The lack of observable reduction in the kidney composite beyond the 2-year time point in participants with stage 4 CKD may have been due to the severe state of irreversible kidney damage associated with this advanced disease, which might hinder long-term improvements.24 However, it could also be related to limited study power to assess such an effect or to limited ability of the predefined kidney composite outcome (which was selected to examine kidney disease progression in the whole study population) to reflect, in a similarly objective manner, kidney disease progression in participants at this advanced disease stage over the specific time frame. This notion is supported by the fact that in a similar manner to the overall FIDELITY population,19 in participants with stage 4 CKD, finerenone was associated with significant differences versus placebo in both intermediate kidney outcomes tested. A significant difference in the chronic eGFR slope was noted between finerenone and placebo, and the total eGFR slope was numerically lower in participants who received finerenone versus placebo. UACR was significantly reduced with finerenone by 31% at month 4 compared with baseline. Of note, a discrepancy between the effects of the active drug on the predefined composite kidney outcome versus the chronic eGFR slope was also noted in the EMPA-KIDNEY study, where empagliflozin did not seem to significantly affect the composite kidney outcome in participants with UACR <30 mg/g and UACR ≥30 to ≤300 mg/g but was associated with better preservation of the chronic eGFR slope versus placebo in both these participant subgroups.6
When considering the components of the kidney composite outcome, finerenone consistently reduced the risk of sustained ≥57% decrease in eGFR versus placebo in participants with stage 4 CKD. The proportion of participants experiencing a kidney failure event (eGFR <15 ml/min per 1.73 m2 or ESKD) was higher than those experiencing a sustained ≥57% decrease in eGFR in the stage 4 CKD subgroup. The opposite was true for the stage 1–3 CKD subgroup. This observation may be explained by the fact that a ≥57% decrease in eGFR from baseline in participants who began the trial with stage 4 CKD would invariably be experienced at an eGFR level below the <15 ml/min per 1.73 m2 threshold.
Comparing these results with recent trials of other treatment agents is difficult because of differences in entry criteria and efficacy outcomes. Nonetheless, a post hoc analysis of the CREDENCE trial of canagliflozin in CKD and type 2 diabetes, including 174 participants with eGFR <30 ml/min per 1.73 m2, showed that the kidney-protective effects of canagliflozin in these participants were consistent with those observed in participants with an eGFR ≥30 ml/min per 1.73 m2.10 In agreement with observations reported here, a 33% reduction in UACR was reported in the CREDENCE post hoc analysis with canagliflozin versus placebo, and the rate of eGFR decline was also reduced.10 Similar to FIDELITY, participants treated with dapagliflozin in the DAPA-CKD trial had an eGFR ≥25 ml/min per 1.73 m2, but type 2 diabetes was not a requirement for study entry.5 A subsequent analysis of 624 participants with stage 4 CKD (approximately 65% with type 2 diabetes) showed a consistent benefit of dapagliflozin in reducing the risk of major kidney and cardiovascular events, as well as attenuating progressive eGFR decline compared with participants with less-advanced CKD.11 In addition, in the EMPA-KIDNEY trial, empagliflozin was shown to reduce the risk of kidney disease progression over a median of 2 years of follow-up in a population including 2282 (35%) participants with eGFR <30 ml/min per 1.73 m2, with or without type 2 diabetes.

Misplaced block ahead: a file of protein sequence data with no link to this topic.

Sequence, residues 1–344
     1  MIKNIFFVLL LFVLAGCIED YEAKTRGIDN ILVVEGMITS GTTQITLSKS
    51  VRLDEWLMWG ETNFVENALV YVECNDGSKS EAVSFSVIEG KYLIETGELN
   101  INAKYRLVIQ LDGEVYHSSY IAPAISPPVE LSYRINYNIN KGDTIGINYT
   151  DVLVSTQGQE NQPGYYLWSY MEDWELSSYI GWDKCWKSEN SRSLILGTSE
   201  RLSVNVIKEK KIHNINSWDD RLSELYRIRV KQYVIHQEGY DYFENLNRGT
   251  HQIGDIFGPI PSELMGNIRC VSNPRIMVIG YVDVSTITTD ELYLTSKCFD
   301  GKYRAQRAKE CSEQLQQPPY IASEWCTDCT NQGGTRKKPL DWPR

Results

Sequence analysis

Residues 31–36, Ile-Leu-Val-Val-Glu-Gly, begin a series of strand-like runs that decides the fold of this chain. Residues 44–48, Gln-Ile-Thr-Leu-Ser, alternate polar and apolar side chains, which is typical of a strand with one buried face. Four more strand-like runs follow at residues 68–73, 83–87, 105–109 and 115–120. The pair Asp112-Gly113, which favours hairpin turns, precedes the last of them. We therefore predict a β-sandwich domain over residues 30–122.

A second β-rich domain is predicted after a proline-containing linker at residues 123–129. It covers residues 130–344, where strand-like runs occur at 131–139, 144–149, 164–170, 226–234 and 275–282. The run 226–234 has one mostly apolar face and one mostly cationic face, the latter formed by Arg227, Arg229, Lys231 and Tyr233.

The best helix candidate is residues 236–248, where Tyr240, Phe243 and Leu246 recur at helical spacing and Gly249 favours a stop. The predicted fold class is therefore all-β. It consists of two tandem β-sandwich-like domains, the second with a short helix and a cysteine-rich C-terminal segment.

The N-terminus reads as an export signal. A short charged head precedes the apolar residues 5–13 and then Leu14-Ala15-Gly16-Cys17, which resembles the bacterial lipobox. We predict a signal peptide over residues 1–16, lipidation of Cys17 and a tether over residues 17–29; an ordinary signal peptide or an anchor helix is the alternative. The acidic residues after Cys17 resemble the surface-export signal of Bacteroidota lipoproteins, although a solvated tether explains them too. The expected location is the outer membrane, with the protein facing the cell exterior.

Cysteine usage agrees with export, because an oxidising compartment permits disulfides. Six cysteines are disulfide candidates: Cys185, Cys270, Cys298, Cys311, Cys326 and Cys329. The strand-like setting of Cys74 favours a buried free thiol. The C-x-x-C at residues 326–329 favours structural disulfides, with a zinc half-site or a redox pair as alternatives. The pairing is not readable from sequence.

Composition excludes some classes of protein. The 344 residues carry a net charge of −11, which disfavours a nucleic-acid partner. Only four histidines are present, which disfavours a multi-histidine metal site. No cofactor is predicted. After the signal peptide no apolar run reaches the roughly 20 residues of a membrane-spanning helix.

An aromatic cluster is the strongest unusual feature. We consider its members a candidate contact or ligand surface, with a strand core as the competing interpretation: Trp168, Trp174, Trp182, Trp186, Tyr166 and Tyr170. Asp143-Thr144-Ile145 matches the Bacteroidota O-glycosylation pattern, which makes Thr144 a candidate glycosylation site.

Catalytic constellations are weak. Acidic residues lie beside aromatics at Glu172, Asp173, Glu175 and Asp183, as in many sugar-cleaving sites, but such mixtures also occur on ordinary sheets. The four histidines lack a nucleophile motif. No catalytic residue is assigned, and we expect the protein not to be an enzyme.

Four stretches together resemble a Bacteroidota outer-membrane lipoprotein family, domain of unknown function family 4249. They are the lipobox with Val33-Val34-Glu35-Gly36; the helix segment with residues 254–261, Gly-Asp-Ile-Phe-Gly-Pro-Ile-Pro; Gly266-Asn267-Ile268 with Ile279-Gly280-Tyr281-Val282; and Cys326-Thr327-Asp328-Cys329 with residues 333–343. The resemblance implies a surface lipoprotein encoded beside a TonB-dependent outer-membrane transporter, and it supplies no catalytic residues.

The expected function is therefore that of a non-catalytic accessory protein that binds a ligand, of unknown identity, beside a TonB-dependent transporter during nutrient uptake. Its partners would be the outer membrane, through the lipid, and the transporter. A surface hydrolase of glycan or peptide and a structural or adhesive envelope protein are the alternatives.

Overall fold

Safety findings in participants with stage 4 CKD were generally consistent with those observed in the overall FIDELITY population.19 Hyperkalemia incidence was higher in participants with stage 4 CKD who were treated with finerenone or placebo compared with participants with stage 1–3 CKD, consistent with a large-scale, real-world, observational study on hyperkalemia incidence by CKD stage and a post hoc safety analysis from FIDELIO-DKD, which showed that lower eGFR independently predicted hyperkalemia.25,26 However, there were few discontinuations (3% versus 2%) or hospitalizations (3% versus 1%) due to hyperkalemia in participants with stage 4 CKD in both the finerenone and placebo treatment arms, respectively; no deaths due to hyperkalemia were reported in this participant population, confirming the low absolute risk of clinically relevant events with finerenone (Table 3). Monitoring of serum potassium levels coupled with strategies to minimize the risk of hyperkalemia (e.g., use of newer potassium-lowering agents) should be considered in participants with stage 4 CKD treated with finerenone.